Another week, another new Audi. Two new Audis, in fact. The German car maker has announced a couple more additions to its Q line up of SUVs. The Q4 is a coupe-SUV hybrid that will go up against the BMW X4 and Mercedes GLC Coupe. As its name suggests, it’ll be positioned between the compact Q3 and bigger Q5. At the other end of the scale is the Q8, which will go head to head against the Range Rover. It’s lower and sleeker than the Q7 Audi is also producing. In concept form, it sat only four people, although it seems likely the production version will be a five seater. There’s a 630 litre boot as well. Eagle eyed Audi followers will notice the only SUV slots left to fill are the Q1 and Q6. Watch this space...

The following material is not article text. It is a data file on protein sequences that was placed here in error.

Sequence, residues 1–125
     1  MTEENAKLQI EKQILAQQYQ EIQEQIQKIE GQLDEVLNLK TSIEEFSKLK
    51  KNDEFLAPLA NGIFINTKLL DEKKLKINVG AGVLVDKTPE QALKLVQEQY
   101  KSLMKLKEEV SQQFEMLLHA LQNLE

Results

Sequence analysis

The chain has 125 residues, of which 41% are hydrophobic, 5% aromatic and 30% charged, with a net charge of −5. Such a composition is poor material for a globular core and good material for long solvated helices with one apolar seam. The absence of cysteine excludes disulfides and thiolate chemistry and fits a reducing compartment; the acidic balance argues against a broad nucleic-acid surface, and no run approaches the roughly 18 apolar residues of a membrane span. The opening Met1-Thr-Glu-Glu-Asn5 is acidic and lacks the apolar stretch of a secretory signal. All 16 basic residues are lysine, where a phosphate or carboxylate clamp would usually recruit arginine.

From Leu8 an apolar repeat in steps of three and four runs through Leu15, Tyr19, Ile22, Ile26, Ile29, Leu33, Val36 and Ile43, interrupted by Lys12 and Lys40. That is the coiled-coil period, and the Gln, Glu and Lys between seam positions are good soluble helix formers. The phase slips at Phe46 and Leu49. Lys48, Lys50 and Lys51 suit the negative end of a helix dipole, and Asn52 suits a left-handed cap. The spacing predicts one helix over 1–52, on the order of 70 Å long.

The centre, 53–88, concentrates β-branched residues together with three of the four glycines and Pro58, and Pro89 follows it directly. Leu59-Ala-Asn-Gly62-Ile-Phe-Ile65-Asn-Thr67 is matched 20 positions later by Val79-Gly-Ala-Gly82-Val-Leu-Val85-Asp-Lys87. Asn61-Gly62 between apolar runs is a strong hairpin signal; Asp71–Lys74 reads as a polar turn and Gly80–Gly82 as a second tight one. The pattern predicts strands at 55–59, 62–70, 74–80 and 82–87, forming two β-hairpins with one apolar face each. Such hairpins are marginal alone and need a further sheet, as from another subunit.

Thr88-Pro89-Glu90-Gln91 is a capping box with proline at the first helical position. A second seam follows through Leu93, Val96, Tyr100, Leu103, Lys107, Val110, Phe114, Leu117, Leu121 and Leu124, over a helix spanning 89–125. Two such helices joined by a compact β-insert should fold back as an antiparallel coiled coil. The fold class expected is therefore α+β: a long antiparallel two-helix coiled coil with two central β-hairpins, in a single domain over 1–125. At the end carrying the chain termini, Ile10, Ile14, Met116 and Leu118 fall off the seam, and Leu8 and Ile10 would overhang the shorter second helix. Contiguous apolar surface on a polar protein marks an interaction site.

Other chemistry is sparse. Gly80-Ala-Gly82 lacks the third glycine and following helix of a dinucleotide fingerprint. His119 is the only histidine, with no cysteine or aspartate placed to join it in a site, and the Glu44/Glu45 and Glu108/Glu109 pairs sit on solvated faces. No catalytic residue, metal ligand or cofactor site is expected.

The severed head of a missing mother-of-three was found inside a suitcase at an empty flat in Montrose, a murder trial has heard. The head was wrapped in two bin liners and tied up with a necklace. Police forced their way into the property at William Phillips Drive and found the suitcase and a pink rucksack hidden inside a shower unit. The grim discovery was made on November 5, last year - just days after Kimberley MacKenzie was reported missing. Steven Jackson, 40, and Michelle Higgins, 28, deny murdering Miss McKenzie and cutting up her body. The pair are further accused of disposing of body parts in bins around the town. Jurors heard that Higgins was found with a key to the William Phillips Drive property when she was detained by police In Aberdeen. Detective Constable Victor Whyte told the court that the suitcase and rucksack were taken from the flat to Dundee mortuary for examination. He said they were carefully opened by scientists, biologists and forensic officers. Mr Whyte said that inside the suitcase was Miss MacKenzie's head and two thighs. Jurors were shown pictures of the black bags found inside the case. The bag containing the head was knotted and had a necklace looped around the end, Mr Whyte said. Inside the pink rucksack was more bags containing Miss MacKenzie's left knee and lower leg and her left arm and hand. Lady Rae warned jurors and members of the public before showing a photograph of a hand inside a thin plastic bag. Another image showed blood stains and damage to the rucksack. Murray Pete, a mark enhancement recovery officer for the Scottish Police Authority, said that a fingerprint was found under the knot on the back which contained the head. He said further prints were found on a Skean Dhu dagger, which was recovered by police from behind a box in Jackson's living room. More fingerprints were found on a steam cleaner at the property. The trial heard that Higgins was detained by police in Aberdeen on November 6, the day after the body parts were discovered. Detective Constable Kim Duncan, 31, said that her colleagues had traced Higgins, and her boyfriend David Melville, to Market Street in the city centre. As she sat in the back of the car, Higgins burst into tears. She told DC Duncan she understood why she was being detained. "It's that lassie Kim," she said. "It's common knowledge that she had been murdered." Higgins went on tell how Jackson had been Miss MacKenzie's boyfriend and that she herself had also been in a relationship with Jackson for about three weeks. Higgins said she had gathered her belongings and left Jackson's house days earlier, when he was spending a weekend in the cells. She added: "It happened on Monday." DC Duncan said: "I didn't know what she was referring to and I didn't ask her about it." But when questioned about what she said to DC Duncan during a police interview, she said: "I never said it happened on Monday. I never said he murdered anybody on Monday." Accused: "It's the end of the world" After he was detained by police, Steven Jackson told an officer: "It's the end of the world." Police Inspector David Small, 40, said he visited Jackson in his cell on November 5. The court heard that Jackson had voluntarily attended at the police station in Montrose in the early hours of that morning. He was later moved to a custody suite in Dundee. Insp Small said he was called in to process an application to extend Jackson's detention from 12 to 24 hours. Mr Small said that he had been told Jackson was unfit for interview "due to episodes of psychosis." He was told this may have been "alcohol induced." Asked if he wanted to respond to the time extension, Jackson replied: "It's the end of the world." The trial also heard that Higgins was given a medical examination prior to her police interview. Under cross examination by Mark Stewart QC - representing Higgins - Detective Constable Nicola Annan said she was present during the check and noticed an injury on Higgin's body, possibly the left thigh. "She had SJ scratched into her skin," she said. The trial continues.